On Tuesday Nov. 7th, multiple states held local and state wide elections, with a large range of voter issues at play. The most notable state elections were in Virginia, Ohio, Kentucky, and Pennsylvania. All of the states had surprising turnout and wins for Democrats, which many attributed to a reactionary response to abortion bans in recent years and months.
In Virginia, Democrats took control of the House of Delegates and Senate, after Republicans won the governor’s seat in 2021. Kentucky, a state that voted for Trump by more than 25 percentage points in 2020, re-elected their Democrat governor, Andy Beshear. Ohio, another state that voted for Trump in 2020, voted “yes” on Issue One which would add abortion as a right in the state constitution. Pennsylvania, one of a few states that allow the Supreme Court judges to be elected, voted in a liberal judge.
Maneesh Arora, Assistant Professor in Wellesley’s Political Science Department, interpreted the voter turnout and election outcomes. “Democrats definitely did a little bit better than we might have expected … The party that has the presidency often performs a little bit worse in the midterms and off cycle elections; however, Democrats have kind of out performed that in 2022 and 2023 … [This] speaks to some of these things, like the effect of [the abortion ban] on getting Democrats out to vote, but then also some of the key constituencies. For example, women who live in suburbs [getting] out to vote, and voting Democrat in a way that they may not have had it not been for the Supreme Court Ruling.”
Arora added that “One of the patterns that we seem to be seeing is that protecting abortion rights is undefeated since the Supreme Court ruled on Roe v. Wade. And it’s hard to put a causal effect on that, but it seems to be benefitting Democrats.”
Additionally, Texas voted in favor of 13 out of the 14 proposed amendments to the state’s constitution. The only proposition that was not passed was the thirteenth: “The constitutional amendment to increase the mandatory age of retirement for state justices and judges.” The opposition to increasing the retirement age for members of the state’s judicial branch coincides with a country-wide call for term limits and maximum age requirements for elected officials and judges/justices.
In September, the Pew Research Center conducted a study on how Americans view certain proposals to change the United States political system. The study focuses on proposals to limit the number of terms that members of Congress can serve. The study also looks at proposals to enforce a maximum age limit in place for elected officials in Washington, D.C., and proposals enforcing a maximum age limit in place for Supreme Court justices, among others. In all three cases, the study found that the majority of the United States adults surveyed, across political parties and ages, were in favor of these proposals.
Two Wellesley students, Addey Lilley ’27, and Janaki Kapadia ’27, both feel strongly about term and age limits in the legislative, executive, and judicial systems. “I think the Supreme Court should have term limits,” Lilley said.
Kapadia went into detail: “I’m a really big supporter of term limits for judges … at this point, people aren’t retiring, and that’s really compromising the validity of the court because it means that one president can put three justices on during one term and another president may not be able to put any on no matter how long they serve.”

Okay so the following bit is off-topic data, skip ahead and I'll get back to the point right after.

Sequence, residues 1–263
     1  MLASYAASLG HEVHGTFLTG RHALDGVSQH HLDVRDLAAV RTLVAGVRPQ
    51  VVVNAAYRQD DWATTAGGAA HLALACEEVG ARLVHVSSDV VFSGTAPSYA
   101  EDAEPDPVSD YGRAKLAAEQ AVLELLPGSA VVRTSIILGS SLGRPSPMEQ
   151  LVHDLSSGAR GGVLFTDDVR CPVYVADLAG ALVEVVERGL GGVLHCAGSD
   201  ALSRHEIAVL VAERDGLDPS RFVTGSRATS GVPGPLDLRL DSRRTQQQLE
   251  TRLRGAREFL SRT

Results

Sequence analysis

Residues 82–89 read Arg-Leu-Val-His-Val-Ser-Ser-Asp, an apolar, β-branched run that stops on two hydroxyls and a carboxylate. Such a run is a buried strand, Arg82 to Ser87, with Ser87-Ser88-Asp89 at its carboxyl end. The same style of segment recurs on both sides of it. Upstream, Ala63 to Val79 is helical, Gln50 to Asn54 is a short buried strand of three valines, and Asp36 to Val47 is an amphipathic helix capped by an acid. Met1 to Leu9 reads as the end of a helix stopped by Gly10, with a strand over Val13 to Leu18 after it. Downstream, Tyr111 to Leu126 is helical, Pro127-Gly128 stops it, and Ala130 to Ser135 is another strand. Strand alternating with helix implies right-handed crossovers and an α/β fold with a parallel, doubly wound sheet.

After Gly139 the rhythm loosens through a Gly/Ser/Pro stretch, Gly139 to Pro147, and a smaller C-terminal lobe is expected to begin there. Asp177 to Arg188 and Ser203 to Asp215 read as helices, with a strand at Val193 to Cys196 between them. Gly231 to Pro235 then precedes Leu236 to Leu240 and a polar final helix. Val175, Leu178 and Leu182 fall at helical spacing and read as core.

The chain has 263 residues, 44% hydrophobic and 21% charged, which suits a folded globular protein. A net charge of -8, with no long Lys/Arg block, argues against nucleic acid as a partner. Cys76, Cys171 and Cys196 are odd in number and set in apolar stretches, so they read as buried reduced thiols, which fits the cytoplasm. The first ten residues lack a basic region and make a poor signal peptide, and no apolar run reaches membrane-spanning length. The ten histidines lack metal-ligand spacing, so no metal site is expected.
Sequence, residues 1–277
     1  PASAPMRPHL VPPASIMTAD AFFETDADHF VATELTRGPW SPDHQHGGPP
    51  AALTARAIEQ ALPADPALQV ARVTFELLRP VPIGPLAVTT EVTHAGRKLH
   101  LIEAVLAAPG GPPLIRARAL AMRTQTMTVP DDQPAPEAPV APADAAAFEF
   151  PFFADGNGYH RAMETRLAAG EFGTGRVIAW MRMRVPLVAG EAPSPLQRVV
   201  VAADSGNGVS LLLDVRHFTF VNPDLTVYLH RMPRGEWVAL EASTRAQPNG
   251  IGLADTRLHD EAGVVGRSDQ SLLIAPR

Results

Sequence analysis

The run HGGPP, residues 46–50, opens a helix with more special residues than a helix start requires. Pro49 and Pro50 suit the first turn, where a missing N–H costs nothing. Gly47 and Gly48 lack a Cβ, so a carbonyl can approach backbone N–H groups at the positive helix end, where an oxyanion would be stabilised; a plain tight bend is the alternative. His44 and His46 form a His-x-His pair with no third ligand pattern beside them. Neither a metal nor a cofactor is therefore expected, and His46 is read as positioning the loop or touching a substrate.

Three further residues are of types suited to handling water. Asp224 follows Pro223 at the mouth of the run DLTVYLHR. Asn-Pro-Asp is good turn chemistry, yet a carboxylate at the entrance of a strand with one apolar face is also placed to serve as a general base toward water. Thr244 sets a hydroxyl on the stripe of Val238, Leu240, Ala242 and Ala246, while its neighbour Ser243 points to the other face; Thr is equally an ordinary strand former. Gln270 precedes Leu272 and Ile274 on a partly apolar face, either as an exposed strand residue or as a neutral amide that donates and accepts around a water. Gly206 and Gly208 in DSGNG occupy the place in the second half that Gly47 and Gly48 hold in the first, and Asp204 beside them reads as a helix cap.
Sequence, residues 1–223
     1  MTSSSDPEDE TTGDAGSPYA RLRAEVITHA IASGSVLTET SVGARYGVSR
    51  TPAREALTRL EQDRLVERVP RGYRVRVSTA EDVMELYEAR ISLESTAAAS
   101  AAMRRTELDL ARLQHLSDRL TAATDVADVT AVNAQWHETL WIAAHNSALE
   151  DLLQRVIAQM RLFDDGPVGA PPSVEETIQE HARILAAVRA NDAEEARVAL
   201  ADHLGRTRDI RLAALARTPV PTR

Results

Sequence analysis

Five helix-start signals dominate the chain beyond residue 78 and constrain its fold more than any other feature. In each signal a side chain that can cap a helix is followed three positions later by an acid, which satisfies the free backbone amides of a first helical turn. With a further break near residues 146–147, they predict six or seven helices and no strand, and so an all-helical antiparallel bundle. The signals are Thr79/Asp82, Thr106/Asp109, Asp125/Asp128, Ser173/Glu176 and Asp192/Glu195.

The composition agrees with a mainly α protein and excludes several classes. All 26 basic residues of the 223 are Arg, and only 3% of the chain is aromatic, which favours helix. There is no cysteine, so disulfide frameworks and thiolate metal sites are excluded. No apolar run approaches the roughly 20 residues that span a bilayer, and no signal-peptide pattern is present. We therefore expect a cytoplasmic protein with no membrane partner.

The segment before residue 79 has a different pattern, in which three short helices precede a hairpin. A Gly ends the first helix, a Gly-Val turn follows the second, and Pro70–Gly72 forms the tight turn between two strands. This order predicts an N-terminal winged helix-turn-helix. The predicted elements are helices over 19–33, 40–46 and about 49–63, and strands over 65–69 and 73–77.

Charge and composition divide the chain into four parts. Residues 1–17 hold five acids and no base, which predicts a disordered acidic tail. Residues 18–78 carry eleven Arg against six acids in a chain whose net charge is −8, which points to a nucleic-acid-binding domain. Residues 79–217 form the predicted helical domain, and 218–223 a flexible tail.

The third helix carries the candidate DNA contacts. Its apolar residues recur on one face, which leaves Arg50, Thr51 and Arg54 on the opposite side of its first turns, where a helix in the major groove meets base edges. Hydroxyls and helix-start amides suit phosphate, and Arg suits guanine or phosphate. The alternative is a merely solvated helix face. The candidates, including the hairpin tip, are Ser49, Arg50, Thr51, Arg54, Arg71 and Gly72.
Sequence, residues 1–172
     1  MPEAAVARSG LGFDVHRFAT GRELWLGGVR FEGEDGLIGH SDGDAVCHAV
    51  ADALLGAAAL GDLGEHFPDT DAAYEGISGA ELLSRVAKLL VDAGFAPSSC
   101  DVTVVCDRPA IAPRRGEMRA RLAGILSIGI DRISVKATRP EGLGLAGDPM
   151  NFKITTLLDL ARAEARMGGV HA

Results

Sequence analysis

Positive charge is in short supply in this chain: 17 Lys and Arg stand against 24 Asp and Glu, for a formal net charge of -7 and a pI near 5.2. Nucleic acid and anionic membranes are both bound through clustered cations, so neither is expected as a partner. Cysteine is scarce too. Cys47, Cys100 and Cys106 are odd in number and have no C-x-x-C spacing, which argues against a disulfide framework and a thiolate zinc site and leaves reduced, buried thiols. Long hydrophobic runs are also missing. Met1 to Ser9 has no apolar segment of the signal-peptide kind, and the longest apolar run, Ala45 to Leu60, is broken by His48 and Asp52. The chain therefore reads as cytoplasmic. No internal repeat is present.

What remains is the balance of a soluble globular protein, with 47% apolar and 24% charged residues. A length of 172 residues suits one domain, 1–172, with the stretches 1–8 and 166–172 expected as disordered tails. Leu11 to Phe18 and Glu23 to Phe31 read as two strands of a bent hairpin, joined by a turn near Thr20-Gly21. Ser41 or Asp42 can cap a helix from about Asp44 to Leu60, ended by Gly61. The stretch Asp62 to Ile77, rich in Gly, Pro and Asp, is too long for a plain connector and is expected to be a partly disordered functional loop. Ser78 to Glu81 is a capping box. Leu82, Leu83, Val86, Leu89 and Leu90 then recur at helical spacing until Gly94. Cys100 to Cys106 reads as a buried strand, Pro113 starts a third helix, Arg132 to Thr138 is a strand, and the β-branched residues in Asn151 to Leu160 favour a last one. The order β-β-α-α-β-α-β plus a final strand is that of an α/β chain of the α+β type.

Kapadia continued to explain, “I think there should be an age limit … because it’s just being pushed more and more and it’s impacting the ability for new voices to be heard in politics, especially of young people who are going to have to experience the effects of these policies for the next 20, 30, 40 years. Politics impact so many people, [but] young people are going to be impacted the longest; their needs need to be prioritized, and that’s not happening right now.”
For many Wellesley students the recent elections gave them a chance to cast their vote for the first time. Two Wellesley first-year students, Ariana Inamdar ’26 and Brielle Collins ’26, both from Virginia voted in their first election. Both of them were able to participate in the election through mail-in ballots. They also said that being from the same state, they helped each other get absentee ballots.
“I texted Brielle the request for the ballot on October 16th, the last day to request a ballot,” Inamder said.
Both Inamder and Collins expressed their concern for abortion rights in the election and the possibility of complete Republican control in the state government.
Inamder stated, “I knew a big issue was abortion rights because I knew that we were the only one in the South without restrictions on abortion … we knew that Youngkin [the Republican Virginia Governor] was gonna try to do that.”
Collins also expressed her personal interest in elections. She said, “I feel very strongly about abortion rights, so it was just keeping [those rights that] was important to me … I did know that we were in danger of having a Republican trifecta with the House and Senate and controlling the General Assembly of Virginia.”
Both Inamder and Collins were not expecting the outcomes of the elections. Inamder said, “I honestly wasn’t [expecting the outcomes]. I didn’t expect it to be that strongly [in favor of] Democrats.” Brielle stated, “I was surprised in a good way.”